Linux is an alternative to Microsoft Windows, that started on the premise that there were two ways to develop software:
- Either pay a bunch of programmers to do it, and exchange your money for their time. Generally, this software is sold on a “usage” basis, in that customers have the right to run it, but not to modify it.
- Get a larger bunch of programmers to get involved on a voluntary basis, because they were willing to put in their time to improve products. The “contract” as it were is that everyone can have the right to make improvements to the software directly, provided they share those improvements back with the community.
Companies like Microsoft, and Lotus took the first route – Microsoft employs an awful lot of programmers. Other groups took the “large numbers of volunteers” route.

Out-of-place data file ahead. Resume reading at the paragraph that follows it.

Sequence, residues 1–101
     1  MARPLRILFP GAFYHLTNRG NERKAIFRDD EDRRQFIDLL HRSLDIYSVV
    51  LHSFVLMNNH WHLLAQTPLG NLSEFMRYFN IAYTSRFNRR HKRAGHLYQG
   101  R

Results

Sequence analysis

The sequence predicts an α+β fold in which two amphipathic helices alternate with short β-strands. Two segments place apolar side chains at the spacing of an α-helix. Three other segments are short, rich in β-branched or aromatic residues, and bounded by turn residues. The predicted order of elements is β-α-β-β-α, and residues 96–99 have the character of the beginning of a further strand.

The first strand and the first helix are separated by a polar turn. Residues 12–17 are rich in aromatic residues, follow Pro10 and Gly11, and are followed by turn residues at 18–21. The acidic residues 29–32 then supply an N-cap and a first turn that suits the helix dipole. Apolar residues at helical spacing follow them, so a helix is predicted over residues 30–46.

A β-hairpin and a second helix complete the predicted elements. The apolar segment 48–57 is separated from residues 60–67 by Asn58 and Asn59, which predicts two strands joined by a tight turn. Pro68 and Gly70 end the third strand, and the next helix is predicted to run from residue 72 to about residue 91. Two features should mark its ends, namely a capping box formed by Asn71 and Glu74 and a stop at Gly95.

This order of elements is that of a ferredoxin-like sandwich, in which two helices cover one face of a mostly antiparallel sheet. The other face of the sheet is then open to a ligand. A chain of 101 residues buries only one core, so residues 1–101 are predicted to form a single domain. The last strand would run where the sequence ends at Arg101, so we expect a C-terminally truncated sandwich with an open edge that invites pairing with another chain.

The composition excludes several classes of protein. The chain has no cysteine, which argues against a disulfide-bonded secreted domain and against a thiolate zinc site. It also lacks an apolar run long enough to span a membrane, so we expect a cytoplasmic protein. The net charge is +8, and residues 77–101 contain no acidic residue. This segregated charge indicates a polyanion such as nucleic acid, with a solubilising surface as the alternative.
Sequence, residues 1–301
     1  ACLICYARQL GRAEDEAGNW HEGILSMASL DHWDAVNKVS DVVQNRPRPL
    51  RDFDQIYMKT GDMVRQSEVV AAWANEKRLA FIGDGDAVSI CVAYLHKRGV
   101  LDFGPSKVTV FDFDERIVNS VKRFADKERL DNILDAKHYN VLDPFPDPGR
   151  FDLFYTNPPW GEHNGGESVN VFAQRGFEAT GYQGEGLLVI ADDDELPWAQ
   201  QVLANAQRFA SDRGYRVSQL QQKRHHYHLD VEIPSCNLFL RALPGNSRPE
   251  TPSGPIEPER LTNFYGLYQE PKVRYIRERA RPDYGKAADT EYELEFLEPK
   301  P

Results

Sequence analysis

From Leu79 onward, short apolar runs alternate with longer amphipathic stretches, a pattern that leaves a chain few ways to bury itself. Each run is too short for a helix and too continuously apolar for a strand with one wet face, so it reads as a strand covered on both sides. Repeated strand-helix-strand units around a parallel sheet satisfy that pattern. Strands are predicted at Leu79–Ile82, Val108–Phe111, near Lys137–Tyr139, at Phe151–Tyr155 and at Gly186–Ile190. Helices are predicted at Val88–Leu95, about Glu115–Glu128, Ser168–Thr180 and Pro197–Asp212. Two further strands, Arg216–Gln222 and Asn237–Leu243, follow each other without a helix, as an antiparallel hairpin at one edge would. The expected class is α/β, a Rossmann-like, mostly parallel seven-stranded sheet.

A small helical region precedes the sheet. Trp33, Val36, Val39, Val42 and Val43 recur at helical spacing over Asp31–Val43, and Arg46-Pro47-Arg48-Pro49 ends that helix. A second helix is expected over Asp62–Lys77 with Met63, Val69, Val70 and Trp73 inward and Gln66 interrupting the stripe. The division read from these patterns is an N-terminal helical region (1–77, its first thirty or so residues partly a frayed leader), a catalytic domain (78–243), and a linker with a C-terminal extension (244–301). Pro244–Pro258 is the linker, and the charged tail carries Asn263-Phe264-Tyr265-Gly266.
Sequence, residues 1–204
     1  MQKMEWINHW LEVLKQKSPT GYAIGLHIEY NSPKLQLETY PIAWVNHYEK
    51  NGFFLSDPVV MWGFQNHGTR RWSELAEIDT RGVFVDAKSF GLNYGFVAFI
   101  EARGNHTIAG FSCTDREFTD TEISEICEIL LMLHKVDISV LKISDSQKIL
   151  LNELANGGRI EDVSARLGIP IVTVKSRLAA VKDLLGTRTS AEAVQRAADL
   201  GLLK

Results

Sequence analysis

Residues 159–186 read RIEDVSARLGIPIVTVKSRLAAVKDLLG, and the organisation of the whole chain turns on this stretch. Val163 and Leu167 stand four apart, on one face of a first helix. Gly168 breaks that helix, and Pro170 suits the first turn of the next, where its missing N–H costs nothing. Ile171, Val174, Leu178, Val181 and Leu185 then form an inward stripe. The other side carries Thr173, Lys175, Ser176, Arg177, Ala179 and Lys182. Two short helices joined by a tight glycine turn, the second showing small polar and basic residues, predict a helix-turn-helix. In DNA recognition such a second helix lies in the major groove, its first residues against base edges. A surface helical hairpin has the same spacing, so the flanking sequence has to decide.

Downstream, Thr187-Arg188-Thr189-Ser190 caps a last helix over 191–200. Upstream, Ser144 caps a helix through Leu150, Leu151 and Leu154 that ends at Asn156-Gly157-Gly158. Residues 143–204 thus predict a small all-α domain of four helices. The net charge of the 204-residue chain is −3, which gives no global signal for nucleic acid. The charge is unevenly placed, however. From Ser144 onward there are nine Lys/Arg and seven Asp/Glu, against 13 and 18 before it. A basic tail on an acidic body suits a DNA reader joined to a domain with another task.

That was now a long time ago. Over the last 10 years, more software companies have taken the view that there are some real benefits to using and improving, so-called Open Source Software, to the extent that a lot of “free software” is actually coded by paid employees – their employers having decided that it’s cheaper to modify something free than to buy in an expensive licence.
While most of the Internet’s servers now run in Linux, it’s also true to say that 98% of home PC users pick Windows. Linux was an alternative that, until relatively recently, always appeared to lag behind in functionality and ease of use.
More recently, however, a company called Canonical have sponsored a version of Linux called Ubuntu, which does seem to be a head-on competitor to Windows. Earlier this year, Dell started selling laptop and desktops with Ubuntu installed instead of Windows.
As of tomorrow, Dell are going to offer these products in Europe as well.
More information here at the Ubuntu website.